as long as we both shall live.
This is my solemn vow.
Blessing of the Marriage – Mosese to share a Option C
- No wedding candle, instead one or two of the children help the couple pick a bouquet of the “flowers” to take with them as they recess?
Prayers for the couple – (Mosese)
Invite family to come forward and lay hands on the couple.
Invite community to join hands
- Signing of Registrar
- Natalie and Jared to sing “Real Love by The Beatles”
Real Love by The Beatles
All my little plans and schemes
Lost like some forgotten dreams
Seems that all I really was doing
Was waiting for you
No need to be alone
No need to be alone
It’s real love
Oh it’s real, oh it’s real love
All the little girls and boys
Playing with their little toys
Seems that all they really were doing
Was waiting for love
No need to be alone…
From this moment on I know
Exactly where my life will go
Seems that all I really was doing
Was waiting for love
No need to be afraid…
Thought I’d been in love before,
But in my heart I wanted more
Seems that all I really was doing
Was waiting for you
No need to be alone…
… It’s real love
Notices – (Mosese)
- Reminder that confetti is a bad idea and will get the couple into trouble.
- Reminder that Lunch will be served here, but before that the couple will need to do a quick dash to take some photos, feel free to play some games, have some fun, meet new friends and family until they re-join us in a little while.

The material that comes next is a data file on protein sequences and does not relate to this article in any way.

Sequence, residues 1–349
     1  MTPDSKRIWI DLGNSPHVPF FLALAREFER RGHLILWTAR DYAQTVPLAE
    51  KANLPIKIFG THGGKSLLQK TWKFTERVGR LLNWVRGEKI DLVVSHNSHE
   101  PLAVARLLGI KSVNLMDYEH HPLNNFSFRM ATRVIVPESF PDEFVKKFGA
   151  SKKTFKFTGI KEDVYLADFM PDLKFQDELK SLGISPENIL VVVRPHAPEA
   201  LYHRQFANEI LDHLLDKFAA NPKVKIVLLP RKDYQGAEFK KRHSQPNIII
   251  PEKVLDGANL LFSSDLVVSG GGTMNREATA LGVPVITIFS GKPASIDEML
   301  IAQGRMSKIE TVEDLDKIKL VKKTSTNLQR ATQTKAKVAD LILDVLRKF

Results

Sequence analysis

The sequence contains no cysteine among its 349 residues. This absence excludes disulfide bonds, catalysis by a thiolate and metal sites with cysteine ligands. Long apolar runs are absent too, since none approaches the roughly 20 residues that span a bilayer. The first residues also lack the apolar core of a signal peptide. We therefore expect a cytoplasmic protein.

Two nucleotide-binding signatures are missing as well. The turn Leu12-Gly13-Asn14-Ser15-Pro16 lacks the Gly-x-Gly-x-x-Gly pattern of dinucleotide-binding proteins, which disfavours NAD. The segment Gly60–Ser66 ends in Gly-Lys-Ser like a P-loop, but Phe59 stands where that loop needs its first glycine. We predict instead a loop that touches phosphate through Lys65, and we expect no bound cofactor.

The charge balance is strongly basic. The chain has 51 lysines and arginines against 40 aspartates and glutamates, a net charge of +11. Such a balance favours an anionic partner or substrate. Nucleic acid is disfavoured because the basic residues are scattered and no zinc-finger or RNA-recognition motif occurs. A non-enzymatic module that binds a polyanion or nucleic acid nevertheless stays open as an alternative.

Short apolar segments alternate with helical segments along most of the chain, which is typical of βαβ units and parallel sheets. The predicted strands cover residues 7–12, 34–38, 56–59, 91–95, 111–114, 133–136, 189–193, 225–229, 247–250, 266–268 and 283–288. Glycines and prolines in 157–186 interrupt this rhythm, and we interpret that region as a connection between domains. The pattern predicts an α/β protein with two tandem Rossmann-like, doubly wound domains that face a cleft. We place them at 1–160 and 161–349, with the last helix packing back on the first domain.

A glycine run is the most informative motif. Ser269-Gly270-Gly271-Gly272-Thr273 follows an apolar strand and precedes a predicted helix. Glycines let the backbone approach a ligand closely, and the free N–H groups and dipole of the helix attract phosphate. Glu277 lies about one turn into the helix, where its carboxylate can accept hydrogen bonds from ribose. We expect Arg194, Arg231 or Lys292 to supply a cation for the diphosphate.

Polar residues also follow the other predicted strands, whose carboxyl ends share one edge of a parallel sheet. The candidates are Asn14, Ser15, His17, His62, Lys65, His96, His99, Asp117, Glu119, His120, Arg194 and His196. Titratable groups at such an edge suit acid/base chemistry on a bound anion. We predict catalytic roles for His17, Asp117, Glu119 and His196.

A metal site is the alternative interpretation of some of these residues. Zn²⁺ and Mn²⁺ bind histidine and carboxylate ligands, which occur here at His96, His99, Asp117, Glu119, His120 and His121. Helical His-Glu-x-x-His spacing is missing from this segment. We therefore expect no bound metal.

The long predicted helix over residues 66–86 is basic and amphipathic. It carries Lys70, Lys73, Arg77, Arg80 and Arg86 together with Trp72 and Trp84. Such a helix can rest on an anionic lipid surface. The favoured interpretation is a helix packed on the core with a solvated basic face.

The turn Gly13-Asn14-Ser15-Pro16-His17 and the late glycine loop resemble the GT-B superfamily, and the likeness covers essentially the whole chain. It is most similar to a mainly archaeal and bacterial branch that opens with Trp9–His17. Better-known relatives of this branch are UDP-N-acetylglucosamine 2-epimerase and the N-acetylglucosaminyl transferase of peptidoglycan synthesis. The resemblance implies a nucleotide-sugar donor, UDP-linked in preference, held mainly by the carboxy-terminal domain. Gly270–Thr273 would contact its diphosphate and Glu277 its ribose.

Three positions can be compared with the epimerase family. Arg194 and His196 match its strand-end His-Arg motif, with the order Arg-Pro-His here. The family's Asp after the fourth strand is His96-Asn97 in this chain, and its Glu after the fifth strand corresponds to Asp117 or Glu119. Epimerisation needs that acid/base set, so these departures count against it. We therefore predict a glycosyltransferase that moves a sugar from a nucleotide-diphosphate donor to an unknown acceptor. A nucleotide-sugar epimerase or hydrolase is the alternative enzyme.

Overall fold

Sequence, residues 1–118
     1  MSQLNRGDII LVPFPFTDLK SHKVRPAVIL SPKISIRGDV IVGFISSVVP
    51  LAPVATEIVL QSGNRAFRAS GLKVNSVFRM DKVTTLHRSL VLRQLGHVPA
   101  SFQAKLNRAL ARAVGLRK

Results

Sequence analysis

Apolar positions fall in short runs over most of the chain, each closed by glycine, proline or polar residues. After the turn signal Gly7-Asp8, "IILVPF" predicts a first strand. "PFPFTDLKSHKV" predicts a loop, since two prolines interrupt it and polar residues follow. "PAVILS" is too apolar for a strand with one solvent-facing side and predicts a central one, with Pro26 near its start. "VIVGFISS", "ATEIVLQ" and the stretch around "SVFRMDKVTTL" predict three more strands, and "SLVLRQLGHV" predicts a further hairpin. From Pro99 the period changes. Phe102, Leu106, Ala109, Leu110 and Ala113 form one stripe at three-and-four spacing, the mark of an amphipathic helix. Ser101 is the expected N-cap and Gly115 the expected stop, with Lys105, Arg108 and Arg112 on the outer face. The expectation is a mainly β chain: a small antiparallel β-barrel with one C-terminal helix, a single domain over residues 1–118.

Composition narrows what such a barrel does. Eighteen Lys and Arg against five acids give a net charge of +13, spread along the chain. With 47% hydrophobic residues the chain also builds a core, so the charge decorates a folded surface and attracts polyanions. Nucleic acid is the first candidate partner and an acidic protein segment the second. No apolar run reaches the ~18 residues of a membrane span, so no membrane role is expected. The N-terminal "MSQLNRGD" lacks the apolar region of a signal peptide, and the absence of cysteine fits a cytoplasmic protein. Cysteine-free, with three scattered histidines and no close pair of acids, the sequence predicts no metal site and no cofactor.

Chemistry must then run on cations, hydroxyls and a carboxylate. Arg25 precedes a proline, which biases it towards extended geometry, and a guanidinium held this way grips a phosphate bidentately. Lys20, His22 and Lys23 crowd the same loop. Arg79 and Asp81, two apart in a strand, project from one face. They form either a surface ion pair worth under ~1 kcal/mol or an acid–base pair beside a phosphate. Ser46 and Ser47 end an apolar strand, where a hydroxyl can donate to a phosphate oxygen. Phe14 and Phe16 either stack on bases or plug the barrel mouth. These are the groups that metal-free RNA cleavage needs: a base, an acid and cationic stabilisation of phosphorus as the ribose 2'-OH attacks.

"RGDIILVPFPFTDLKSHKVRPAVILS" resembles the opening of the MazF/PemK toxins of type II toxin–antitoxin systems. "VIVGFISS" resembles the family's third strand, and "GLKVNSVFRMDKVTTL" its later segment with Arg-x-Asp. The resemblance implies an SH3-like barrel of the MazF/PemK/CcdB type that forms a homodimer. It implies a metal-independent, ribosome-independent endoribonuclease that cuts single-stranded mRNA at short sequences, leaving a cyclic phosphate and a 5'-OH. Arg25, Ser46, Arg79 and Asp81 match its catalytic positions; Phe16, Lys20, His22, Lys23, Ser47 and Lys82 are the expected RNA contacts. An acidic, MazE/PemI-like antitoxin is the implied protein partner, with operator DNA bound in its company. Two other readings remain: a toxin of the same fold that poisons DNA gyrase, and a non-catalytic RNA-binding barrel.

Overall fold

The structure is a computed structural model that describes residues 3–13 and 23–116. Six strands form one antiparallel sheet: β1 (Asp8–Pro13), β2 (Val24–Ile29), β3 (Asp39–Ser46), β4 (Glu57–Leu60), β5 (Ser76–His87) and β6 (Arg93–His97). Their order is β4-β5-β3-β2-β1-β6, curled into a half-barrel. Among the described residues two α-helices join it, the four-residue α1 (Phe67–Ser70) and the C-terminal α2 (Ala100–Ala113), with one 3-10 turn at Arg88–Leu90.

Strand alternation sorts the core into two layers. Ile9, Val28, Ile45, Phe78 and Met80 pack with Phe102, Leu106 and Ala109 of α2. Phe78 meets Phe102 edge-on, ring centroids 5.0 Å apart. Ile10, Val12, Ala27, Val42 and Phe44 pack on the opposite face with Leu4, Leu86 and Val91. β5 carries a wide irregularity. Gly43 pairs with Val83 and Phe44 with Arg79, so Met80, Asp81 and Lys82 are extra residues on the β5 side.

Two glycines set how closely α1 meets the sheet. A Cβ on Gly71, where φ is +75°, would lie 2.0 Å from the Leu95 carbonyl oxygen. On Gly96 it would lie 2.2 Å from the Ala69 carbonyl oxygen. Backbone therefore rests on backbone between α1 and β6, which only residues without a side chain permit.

- Reminder where toilets etc are
- Instruction re cameras – please send your photos of today to Darren and Holly, we may also have a computer on site for stealing photos from people. ( to be printed also on the order of service)
Blessing (Mosese / Seini in Tongan)
This week’s lectionary reading is the story of the “Prodigal Son” or of the “Ungrateful Senior Son” or “The Father of Grace,” whatever you’d like to call it. The actual reading was: Luke 15:1-3, 11b-32
As I was pondering and reading I remembered this story I wrote a number of years ago when this particular reading and I was sitting in another sermon…
I’m currently calling this The Prodigal Part Deux – The Brother Bites Back.
The elder son, having heard news of his father’s extravagant grace and the way that he had welcomed his younger brother back into the house became outraged. (How dare his father welcome that ungrateful prick back into the house like that, and what’s up with not inviting him to the party?) Having to be told about all of this by a servant made matters worse…
Incensed the older brother took off, away from the household and gathered the troops, many of the young men and women from the town gathered at the local town hall where they were told that it’s possible that their and other fathers may also share the same philosophy, and, even more frightening there could be hundreds of fathers all over the land welcoming back ungrateful and undeserving children back into their families, that others may also suffer the same injustice that he had been served at the hand of his nutty father.